"Are you a foreign exchange student?"
Why Duolingo don't use the kanji for 学生? We have learned that
We didn't learn 留 though and its all one word. Rather than have the word split between kanji and hiragana its all kept as hiragana. That's my guess.
Nice idea, but they give us りゅうがく生 which is still a mix of hiragana and kanji :/
I think their rationale is to not split up 留学 which is a stand-alone word for "studying abroad". You could argue that 学生 is a stand-alone word too, and it is, but it's much more common to add 生 to the end of other words (such as 一年生 ichi nen sei = "first year student", or 高校生 kou kou sei = "high school student") than it is to add 留 to the start of other words (and have it retain a similar meaning).
Actually a lot of small children do! ... Okay that rather proves your point, now doens't it?
Why no 'wa' or 'ni' (I temporarily forget which) to indicate the subject of the sentence?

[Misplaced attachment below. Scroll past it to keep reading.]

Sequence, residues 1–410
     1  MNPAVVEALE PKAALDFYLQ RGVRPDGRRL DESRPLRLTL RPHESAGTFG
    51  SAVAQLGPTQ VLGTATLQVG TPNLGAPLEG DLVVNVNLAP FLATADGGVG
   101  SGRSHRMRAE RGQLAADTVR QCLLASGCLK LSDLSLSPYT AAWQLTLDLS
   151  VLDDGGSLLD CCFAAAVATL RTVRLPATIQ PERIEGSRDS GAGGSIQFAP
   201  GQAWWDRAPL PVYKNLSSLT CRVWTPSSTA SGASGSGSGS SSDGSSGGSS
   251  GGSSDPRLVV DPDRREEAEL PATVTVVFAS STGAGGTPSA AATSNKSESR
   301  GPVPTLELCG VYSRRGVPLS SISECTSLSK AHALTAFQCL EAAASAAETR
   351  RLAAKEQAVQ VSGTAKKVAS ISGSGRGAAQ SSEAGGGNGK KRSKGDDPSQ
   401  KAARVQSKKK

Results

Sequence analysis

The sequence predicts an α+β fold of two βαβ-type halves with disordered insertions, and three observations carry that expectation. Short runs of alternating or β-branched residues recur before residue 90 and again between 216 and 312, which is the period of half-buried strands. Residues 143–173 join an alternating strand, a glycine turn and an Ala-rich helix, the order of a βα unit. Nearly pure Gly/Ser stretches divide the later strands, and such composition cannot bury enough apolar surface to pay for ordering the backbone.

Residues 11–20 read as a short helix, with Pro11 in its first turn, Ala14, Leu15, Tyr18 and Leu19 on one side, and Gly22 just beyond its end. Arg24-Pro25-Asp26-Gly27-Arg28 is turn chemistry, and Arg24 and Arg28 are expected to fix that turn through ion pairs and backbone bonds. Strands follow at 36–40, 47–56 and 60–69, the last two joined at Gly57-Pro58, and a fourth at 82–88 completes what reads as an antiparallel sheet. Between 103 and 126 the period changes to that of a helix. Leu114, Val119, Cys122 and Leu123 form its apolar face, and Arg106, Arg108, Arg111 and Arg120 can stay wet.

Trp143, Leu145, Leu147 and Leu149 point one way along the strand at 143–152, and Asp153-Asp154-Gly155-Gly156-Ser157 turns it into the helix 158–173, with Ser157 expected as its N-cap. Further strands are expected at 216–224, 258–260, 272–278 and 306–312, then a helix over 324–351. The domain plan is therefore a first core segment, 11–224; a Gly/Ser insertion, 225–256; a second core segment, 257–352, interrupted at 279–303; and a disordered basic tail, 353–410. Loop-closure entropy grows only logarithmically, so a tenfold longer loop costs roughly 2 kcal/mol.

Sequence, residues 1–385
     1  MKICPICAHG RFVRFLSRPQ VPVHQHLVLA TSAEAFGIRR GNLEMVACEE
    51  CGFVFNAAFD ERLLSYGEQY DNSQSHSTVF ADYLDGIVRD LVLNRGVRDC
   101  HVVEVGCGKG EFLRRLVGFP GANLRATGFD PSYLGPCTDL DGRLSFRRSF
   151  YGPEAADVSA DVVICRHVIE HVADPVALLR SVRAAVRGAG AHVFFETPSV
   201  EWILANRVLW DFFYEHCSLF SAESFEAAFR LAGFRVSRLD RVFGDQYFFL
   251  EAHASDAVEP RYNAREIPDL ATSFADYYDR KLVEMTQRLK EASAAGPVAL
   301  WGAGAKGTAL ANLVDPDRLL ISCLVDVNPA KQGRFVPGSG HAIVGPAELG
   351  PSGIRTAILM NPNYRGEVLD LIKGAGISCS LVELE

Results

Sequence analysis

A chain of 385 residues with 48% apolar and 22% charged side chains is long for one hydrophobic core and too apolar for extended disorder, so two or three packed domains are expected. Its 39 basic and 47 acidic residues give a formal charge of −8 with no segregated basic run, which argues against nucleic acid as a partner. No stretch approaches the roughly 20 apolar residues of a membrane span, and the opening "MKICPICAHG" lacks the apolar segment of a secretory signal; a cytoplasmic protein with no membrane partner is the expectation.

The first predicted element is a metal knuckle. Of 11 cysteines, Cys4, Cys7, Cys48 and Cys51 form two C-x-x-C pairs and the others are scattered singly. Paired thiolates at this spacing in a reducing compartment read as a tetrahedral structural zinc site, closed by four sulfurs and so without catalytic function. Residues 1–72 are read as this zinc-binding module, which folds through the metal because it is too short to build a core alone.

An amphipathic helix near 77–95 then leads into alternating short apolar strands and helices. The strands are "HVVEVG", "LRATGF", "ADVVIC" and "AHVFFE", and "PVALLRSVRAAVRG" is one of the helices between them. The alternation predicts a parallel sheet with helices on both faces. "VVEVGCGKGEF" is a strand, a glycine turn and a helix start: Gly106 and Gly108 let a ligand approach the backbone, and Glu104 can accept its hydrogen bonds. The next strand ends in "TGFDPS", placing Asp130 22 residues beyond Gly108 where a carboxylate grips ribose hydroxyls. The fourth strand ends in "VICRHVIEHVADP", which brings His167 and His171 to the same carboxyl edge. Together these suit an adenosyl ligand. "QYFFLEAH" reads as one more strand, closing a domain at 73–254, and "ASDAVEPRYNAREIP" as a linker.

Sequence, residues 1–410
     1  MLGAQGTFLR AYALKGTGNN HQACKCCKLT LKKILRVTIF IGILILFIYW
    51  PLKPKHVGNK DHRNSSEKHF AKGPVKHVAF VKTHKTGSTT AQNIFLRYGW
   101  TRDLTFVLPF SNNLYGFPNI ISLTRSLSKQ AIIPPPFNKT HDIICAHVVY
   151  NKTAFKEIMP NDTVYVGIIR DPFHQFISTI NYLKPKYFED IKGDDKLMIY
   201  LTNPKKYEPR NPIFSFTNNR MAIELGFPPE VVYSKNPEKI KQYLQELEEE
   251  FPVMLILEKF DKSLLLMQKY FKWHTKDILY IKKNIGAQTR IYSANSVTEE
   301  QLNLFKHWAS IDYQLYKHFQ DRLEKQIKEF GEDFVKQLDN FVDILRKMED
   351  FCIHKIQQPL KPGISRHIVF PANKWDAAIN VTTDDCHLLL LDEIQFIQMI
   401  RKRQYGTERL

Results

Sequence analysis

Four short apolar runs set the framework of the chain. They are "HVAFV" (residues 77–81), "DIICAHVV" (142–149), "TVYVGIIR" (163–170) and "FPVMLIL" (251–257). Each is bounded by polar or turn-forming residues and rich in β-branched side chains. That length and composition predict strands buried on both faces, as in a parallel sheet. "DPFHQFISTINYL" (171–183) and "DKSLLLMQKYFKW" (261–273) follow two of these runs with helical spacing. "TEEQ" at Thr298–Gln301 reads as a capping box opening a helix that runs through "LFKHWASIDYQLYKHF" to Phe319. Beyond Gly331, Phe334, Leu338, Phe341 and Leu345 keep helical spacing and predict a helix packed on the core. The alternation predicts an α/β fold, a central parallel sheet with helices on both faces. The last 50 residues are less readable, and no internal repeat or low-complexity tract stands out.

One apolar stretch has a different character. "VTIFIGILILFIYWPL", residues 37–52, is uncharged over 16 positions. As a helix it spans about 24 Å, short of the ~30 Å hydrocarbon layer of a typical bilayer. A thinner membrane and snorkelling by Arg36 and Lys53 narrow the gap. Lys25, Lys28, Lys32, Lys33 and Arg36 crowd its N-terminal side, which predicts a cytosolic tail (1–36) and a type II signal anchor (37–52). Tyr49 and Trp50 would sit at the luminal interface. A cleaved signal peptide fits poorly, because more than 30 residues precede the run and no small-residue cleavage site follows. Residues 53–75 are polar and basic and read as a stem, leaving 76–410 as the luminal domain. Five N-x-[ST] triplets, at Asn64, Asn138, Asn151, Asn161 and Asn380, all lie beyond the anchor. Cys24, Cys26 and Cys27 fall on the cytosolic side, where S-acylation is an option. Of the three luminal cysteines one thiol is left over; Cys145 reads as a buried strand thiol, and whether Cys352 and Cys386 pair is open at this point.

に is for places so... That ones out. The は is silent because it was cut out. Unimportant parts are often omitted. You 'could' extend the sentence to be あなたはりゅう学生ですか? but why would you when whoever youre talking to obviously knows youre asking them. Its like in english i can ask "are you a foreign student?" Or i can make eye contact and ask "foreign student?"
Exactly! Three small addition, though...
- は marks the topic of the conversation, so it marks the topic of this sentence as well as every other sentence after it until someone sets は again, so if someone introduces themselves with 「わたしは フォンジ です」, then someone can ask me 「りゅうがくせい だか？」 using my earlier わたしは since it's still intact.
- Asking "Foreign student?" is incorrect grammar in English, though asking 「りゅうがくせい だか」 is grammatically correct in Japanese, as long as the conversational topic has already been established.
- Then again, walking up to someone going 「フォンジ です」 kind of already marks myself as the topic socially, since it really is that obvious, I wouldn't walk up to someone and tell them "Hi, you're Fonzie now, good luck with that!"
Actually, "Foreign student?" is a perfectly grammatical English question. There's a lot of nonsense sometimes taught in school about English, much of it having to do with attempts to shoe-horn rules from "Classical" languages into English.
Japanese tends to leave out the subject if they think it is obvious. If i am asking you a question then yoi can assume I am talking about you unless we have already mentioned someone else.